Colonial Williamsburg is all about providing a glimpse back in time of life during the period of our country’s birth. An 81-year-old home movie film that was just discovered, it seems, provides us with a glimpse back of the early days of Colonial Williamsburg, as restored by Dr. William Goodwin, John D. Rockefeller, and company.

Filmed in 1938 and found in a storage locker just outside of Washington D.C., the black-and-white, 8mm film was acquired by Dallas Moore of the Forgotten Now Found website, along with a variety of other films from the same source.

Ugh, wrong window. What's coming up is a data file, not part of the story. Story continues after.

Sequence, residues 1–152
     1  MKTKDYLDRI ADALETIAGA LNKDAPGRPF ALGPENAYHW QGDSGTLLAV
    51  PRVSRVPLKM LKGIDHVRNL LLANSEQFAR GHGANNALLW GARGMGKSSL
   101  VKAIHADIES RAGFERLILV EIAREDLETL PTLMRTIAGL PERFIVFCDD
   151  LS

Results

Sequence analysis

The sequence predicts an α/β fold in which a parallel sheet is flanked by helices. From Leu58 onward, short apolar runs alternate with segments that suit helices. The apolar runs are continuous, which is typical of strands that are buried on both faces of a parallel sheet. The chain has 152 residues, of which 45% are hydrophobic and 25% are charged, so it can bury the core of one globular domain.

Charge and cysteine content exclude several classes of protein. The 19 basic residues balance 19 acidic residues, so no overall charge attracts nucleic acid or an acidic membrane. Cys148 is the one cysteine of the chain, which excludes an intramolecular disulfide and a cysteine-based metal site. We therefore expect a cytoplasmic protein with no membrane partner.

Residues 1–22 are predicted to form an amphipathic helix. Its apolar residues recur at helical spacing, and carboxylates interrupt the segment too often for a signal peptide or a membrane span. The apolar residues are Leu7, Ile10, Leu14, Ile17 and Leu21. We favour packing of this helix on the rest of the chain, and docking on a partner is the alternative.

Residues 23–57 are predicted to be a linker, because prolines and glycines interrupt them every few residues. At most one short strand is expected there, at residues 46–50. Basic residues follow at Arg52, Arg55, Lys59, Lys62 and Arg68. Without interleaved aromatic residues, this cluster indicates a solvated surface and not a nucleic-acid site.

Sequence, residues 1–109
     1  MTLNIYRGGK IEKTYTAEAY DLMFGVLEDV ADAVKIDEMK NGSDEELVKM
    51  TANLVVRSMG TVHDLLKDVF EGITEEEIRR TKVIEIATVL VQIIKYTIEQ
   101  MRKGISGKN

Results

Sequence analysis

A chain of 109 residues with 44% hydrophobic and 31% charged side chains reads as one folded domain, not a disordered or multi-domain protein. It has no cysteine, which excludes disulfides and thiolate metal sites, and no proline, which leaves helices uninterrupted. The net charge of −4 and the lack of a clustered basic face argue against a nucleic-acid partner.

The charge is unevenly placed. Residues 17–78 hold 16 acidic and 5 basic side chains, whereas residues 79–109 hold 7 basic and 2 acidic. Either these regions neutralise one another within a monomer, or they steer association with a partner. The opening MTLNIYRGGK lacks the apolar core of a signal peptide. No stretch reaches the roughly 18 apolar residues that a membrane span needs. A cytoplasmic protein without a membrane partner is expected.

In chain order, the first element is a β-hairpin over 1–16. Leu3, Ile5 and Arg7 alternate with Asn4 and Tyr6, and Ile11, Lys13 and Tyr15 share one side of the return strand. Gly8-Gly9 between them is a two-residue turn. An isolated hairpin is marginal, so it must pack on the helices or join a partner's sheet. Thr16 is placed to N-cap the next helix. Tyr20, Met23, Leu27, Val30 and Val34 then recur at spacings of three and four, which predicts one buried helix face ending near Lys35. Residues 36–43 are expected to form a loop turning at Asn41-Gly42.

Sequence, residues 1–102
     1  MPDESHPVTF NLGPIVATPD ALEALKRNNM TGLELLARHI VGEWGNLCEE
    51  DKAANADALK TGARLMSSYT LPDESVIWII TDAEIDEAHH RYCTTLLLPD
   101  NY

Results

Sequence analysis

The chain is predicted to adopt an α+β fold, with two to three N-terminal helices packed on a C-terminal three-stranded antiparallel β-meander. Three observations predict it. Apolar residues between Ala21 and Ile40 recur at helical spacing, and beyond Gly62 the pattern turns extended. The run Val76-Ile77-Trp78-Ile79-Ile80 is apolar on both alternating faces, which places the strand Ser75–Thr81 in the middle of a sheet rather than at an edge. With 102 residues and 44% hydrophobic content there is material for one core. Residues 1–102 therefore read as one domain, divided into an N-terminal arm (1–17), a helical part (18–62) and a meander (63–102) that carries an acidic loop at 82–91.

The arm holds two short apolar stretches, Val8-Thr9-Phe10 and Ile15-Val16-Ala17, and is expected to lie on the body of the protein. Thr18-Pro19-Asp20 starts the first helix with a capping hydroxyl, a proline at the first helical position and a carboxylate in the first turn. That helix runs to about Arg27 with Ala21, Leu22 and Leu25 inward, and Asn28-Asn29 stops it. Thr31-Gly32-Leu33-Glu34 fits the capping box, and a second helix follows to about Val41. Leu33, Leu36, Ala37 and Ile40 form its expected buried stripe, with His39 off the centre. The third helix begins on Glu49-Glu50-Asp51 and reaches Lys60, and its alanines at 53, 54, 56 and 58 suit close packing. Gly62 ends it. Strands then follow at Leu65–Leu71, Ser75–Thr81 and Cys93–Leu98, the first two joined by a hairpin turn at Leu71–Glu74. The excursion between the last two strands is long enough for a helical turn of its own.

The film was digitized and an edited version has just been released, showing scenes taken by someone visiting the historic city to attend a christening, taking shots of various locales including the Capitol, the Governor’s Palace, the Courthouse, the Magazine, and Bruton Parish Church. The restoration of Colonial Williamsburg, which began in the late 1920s, was still underway at the time this video was taken, the Governor’s Palace having been restored less than five years prior to its filming.

Such a glimpse of the early days of that which provides us a glimpse of the early days of our country is a rare and novel thing, indeed.

( This post has been updated to include the occasion of the video, a christening, as confirmed in the comments. )

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